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Constellation Deployment for the FORMOSAT-3/COSMIC Mission

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11 Author(s)
Chen-Joe Fong ; Syst. Eng. Div., Nat. Space Organ., Hsinchu ; Wen-Tzong Shiau ; Chen-Tsung Lin ; Tien-Chuan Kuo
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The FORMOSA Satellite Series No. 3/Constellation Observing System for Meteorology, Ionosphere and Climate (FORMOSAT-3/COSMIC) spacecraft constellation consisting of six low-earth-orbiting satellites is the world's first operational Global Positioning System (GPS) radio occultation mission. The mission has been jointly developed by the National Space Organization of Taiwan and the University Corporation for Atmospheric Research of the U.S. in collaboration with the Jet Propulsion Laboratory, NASA, and the Naval Research Laboratory for three onboard payloads, including a GPS Occultation Receiver, a triband beacon, and a tiny ionospheric photometer. The FORMOSAT-3/COSMIC mission was successfully launched from Vandenberg into the same orbit plane of the designated 516-km circular parking orbit altitude on April 15, 2006. After the six satellites completed the in-orbit checkout activities, the mission was started immediately at the parking orbit for in-orbit checkout, calibration, and experiment of three onboard payloads. Individual spacecraft thrust burns for orbit raising were performed to begin the constellation deployment of the satellites into six separate orbit planes. All six FORMOSAT-3/COSMIC satellites are maintained in a good state of health except spacecraft flight model no. 2, which has had power shortages. Five out of the six satellites had reached their final mission orbits of 800 km as of November 2007. This paper provides an overview of the constellation spacecraft design, constellation mission operations, constellation deployment timeline evolution, associated spacecraft mass property and moment of inertia results, orbit-raising challenges, and lessons learned during the orbit-raising operations.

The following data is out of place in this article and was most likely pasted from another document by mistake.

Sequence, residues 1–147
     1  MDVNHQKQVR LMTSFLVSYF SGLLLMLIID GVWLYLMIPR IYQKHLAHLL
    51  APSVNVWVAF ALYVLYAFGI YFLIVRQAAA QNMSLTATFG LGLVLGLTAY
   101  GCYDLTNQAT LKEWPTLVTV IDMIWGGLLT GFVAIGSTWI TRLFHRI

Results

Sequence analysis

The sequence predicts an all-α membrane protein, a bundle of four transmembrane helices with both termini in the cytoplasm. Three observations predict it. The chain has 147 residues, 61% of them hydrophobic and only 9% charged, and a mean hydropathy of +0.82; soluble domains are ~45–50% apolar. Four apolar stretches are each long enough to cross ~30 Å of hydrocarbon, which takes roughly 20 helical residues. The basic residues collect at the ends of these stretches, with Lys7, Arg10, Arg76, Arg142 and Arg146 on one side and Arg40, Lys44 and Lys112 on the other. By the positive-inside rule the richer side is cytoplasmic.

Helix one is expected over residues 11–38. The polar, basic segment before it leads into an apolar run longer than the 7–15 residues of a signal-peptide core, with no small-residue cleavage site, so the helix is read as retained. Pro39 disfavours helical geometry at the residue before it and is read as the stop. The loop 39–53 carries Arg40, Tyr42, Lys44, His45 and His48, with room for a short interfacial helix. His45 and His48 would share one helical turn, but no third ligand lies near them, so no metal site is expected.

Published in:

Geoscience and Remote Sensing, IEEE Transactions on  (Volume:46 ,  Issue: 11 )

Date of Publication:

Nov. 2008

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